Straight Talk About Wills

May 26, 2014

By Fhara Pottinger

You’ve been meaning to do it for ages. Get a Will. Perhaps some Powers of Attorney as well. It ends up on your “to do” list many times, often for several years.

But finally, now is the time, you are going to get it done. The appointment is made and you are going to see a lawyer.

What should you bring with you to your first appointment? What should you know?

1. First, think about a few things:
  • Who you want to leave your assets to? Your spouse? Your kids? A combination? What about charities?
  • Who gets Grandma’s bone china? Great granddad’s railway watch? Are these or other items worth listing in the will, or should you leave instructions separately?
  • Who do you trust to manage your estate until it can be distributed? To answer this, you need to consider how complex your assets are, and the experience of your family or friends. You may love your husband, but if he can’t balance the cheque book, can he figure out your options trading account?
  • If you have children, at what age do you trust them to manage the money?
  • Who should you designate as guardian of the children?
  • Do you have loved ones who need to have the money set up in a trust?
  • Will there be arguments over a family home or cottage? Can you plan a way to avoid that?
  • If you have a business, do you need a separate executor to deal with that?
  • Something relatively new – your digital footprint – that does not die with you – will you leave instructions in the will? Elsewhere?

Even if you cannot decide on all the answers ahead of time, starting the thinking process makes the appointment go more smoothly.

2. Bring –
  • Statements from your bank or financial advisor listing all of your accounts, the total amounts in each account, and whether those accounts are held jointly or just in one person’s name
  • Statements or details of debts – mortgages, loans, credit cards
  • Pension and mortgage statements if separate
  • Driver’s licence or other photo id.
3. Be Organized –
  • Put together a list of all extended family including their birthdates and ages
  • Organize the statements and be prepared to show them to your lawyer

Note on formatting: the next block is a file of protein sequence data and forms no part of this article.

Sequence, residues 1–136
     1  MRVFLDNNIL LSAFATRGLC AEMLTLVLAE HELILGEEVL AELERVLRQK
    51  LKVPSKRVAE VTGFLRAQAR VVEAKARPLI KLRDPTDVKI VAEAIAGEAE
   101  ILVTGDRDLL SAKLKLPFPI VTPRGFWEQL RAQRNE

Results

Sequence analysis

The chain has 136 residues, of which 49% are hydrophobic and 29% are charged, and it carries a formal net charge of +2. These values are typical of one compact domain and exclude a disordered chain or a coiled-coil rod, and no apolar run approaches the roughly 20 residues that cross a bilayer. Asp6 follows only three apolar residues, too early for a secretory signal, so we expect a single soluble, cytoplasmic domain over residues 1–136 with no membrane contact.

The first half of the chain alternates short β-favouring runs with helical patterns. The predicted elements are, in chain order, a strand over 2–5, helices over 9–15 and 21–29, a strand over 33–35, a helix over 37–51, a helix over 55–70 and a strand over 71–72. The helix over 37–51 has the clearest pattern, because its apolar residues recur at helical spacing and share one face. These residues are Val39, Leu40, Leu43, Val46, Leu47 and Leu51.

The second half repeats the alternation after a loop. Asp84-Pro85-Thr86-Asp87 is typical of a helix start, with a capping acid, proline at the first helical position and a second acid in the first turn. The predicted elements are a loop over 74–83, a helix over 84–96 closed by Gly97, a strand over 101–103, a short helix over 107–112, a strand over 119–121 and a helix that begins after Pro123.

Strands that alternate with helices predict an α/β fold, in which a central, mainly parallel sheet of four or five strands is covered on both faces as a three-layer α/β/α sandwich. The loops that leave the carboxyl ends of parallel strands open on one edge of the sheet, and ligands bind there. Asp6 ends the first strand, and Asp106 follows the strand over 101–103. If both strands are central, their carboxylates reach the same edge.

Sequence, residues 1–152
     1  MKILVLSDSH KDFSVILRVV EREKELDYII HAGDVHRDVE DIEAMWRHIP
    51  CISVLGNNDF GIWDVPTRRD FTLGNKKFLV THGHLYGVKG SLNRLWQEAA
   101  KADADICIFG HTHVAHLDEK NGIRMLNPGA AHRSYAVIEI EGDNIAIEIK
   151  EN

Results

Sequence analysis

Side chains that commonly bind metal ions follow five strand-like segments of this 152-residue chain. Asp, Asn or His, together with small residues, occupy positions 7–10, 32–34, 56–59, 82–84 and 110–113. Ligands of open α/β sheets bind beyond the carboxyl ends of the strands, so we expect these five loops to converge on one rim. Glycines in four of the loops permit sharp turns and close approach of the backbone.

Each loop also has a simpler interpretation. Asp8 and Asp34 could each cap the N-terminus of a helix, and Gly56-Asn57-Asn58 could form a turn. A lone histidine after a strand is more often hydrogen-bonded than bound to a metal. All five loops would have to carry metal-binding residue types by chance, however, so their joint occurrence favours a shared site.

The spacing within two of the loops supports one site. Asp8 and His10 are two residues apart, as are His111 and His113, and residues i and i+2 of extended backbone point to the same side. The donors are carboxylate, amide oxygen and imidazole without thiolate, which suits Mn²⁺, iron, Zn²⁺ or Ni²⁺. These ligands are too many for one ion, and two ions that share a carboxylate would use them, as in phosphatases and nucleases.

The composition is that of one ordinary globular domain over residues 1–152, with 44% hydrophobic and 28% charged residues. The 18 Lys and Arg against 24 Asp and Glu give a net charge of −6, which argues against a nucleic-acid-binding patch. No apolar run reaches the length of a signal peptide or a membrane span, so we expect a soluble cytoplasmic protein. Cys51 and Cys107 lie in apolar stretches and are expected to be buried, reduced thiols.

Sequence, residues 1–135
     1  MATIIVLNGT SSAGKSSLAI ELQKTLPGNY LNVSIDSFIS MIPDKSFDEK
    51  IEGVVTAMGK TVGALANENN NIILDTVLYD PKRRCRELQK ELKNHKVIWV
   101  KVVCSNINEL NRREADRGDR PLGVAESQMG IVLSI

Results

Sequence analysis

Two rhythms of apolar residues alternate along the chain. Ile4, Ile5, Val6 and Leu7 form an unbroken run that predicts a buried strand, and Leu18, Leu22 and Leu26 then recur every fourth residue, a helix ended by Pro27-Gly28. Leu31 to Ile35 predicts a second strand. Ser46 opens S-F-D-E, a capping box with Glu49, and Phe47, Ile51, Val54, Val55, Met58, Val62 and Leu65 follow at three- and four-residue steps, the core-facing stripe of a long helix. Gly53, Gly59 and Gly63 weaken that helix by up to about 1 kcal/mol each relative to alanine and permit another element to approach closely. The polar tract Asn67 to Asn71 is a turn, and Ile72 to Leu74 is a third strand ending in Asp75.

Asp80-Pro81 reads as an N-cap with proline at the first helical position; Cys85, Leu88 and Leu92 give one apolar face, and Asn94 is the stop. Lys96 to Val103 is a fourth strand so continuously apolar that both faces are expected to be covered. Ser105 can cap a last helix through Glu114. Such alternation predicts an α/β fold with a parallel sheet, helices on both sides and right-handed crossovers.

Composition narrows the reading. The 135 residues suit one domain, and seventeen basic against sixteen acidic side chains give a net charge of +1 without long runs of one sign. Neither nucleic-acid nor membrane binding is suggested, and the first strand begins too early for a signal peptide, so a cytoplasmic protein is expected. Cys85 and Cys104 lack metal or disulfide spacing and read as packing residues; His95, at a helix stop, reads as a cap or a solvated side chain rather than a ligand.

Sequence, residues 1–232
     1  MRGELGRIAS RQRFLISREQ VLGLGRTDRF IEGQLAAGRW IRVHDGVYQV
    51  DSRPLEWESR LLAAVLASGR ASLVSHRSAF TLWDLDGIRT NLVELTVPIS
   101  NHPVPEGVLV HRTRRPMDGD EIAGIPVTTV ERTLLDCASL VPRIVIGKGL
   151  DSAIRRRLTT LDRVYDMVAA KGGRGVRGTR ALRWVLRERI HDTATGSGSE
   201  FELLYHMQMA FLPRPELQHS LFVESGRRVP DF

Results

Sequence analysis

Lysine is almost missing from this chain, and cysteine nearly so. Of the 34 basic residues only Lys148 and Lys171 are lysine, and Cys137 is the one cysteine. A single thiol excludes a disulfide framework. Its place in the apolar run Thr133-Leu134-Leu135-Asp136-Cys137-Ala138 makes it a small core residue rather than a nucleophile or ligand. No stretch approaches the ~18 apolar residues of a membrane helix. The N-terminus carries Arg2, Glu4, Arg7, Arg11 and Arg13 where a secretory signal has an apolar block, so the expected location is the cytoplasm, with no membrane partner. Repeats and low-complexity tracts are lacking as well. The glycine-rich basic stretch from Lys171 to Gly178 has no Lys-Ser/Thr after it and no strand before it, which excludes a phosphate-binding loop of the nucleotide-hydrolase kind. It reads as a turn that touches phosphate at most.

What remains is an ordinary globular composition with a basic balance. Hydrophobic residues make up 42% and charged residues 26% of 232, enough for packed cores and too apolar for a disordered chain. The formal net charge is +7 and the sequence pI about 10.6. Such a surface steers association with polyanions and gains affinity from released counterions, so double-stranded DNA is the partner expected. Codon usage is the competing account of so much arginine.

• Take your time to sort out your bank information so that the lawyer isn’t wasting time figuring out what you do and do not own
  • If you have an interest in a family cottage property or “camp” and you have access to the Transfer/Deed, it can be of great assistance in figuring out your obligations and ability to transfer that interest in the recreational property
  • This is not the time to brush anything aside to be dealt with later.
4. Be Honest – with your lawyer.
There is nothing we haven’t heard before. We dare you to try. We need to understand your complete family dynamic in order to give the best advice. So let us know if there are issues with:

  • Your marriage
  • Disabilities
  • Senility
  • Mental health
  • Addictions
  • Extra-marital relationships
  • Secret or not so secret children or grandchildren born out of wedlock (special rules may apply)
  • A bad or non-existent relationship with your child
  • A child who has been a lifelong dependent. You may not be able to cut that child out of your will in order to benefit your independent child, but you might need to plan a trust to protect the benefits the dependent child will need as an adult.

Families are messy and complex but we are here to help you. Our goal is to prepare the estate plan that reflects your wishes and addresses needs in your family.

5. Be Prepared – to talk realistically and take your time.
If you are going to need a guardian for a child, come with some options in mind. Often the adult closest to the child may not have the time, or may not have the ability to manage the money. Guardianship is often the hardest decision to make, and often clients decide to take some time to think about it after we discuss the pros and cons of individuals. Nothing wrong with that. These are important decisions.

This is the time to discuss all of your options so be prepared to take your time. Often when the client comes in telling me she wants a “simple will”, it ends up being the most complex one I draft that year.

6. Be Realistic –
If you have two children that fight like cats and dogs, now is not the time to assume they will find a way to get along while dealing with your estate. They won’t. It’ll only tear that relationship further apart as they try to undertake a complex task while grieving. Be realistic in your expectations of what your family can handle and what your lawyer can do while crafting your estate plan. Sadly, we aren’t magicians. If they have never gotten along, they are unlikely to start after you are gone. Sometimes it is necessary to step outside your family to name people just to avoid making such conflict worse. Be realistic when you evaluate your family and friends and their capacities. Emotionally difficult times are not a good test.

Your lawyer will walk you through the process, but remember – there is no such thing as a “simple will” when it is yours. By the time it is needed, you won’t be around to explain what you meant. Therefore it is very important to get it right, the first time.